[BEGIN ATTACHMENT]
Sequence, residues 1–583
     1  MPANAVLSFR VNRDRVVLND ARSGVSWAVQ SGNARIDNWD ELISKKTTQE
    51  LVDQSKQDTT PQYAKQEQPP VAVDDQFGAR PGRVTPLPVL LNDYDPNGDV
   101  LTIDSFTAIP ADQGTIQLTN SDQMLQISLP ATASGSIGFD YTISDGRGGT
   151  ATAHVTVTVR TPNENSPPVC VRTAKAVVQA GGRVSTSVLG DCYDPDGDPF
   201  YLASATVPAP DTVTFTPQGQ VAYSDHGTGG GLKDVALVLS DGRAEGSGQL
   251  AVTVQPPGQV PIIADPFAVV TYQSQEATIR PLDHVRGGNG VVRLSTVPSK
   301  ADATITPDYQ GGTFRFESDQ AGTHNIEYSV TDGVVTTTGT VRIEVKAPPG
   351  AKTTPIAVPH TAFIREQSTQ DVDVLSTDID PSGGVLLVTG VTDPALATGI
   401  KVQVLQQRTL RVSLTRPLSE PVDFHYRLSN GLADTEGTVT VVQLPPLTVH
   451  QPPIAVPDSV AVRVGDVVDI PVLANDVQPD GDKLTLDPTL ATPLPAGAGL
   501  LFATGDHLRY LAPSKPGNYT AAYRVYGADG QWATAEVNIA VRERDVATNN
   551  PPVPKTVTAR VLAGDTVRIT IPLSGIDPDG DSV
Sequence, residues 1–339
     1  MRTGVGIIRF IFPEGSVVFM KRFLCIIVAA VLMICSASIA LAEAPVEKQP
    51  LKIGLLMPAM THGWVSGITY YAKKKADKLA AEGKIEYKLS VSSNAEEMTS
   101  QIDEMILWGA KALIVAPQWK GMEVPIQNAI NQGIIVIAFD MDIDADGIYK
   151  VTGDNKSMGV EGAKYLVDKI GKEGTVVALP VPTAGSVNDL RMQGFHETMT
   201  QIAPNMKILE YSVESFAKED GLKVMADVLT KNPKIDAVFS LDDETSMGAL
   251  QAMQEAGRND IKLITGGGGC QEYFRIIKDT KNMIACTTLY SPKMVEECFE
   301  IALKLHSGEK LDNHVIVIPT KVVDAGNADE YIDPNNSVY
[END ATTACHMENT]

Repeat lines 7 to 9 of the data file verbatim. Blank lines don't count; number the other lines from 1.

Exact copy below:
   251  AVTVQPPGQV PIIADPFAVV TYQSQEATIR PLDHVRGGNG VVRLSTVPSK
   301  ADATITPDYQ GGTFRFESDQ AGTHNIEYSV TDGVVTTTGT VRIEVKAPPG
   351  AKTTPIAVPH TAFIREQSTQ DVDVLSTDID PSGGVLLVTG VTDPALATGI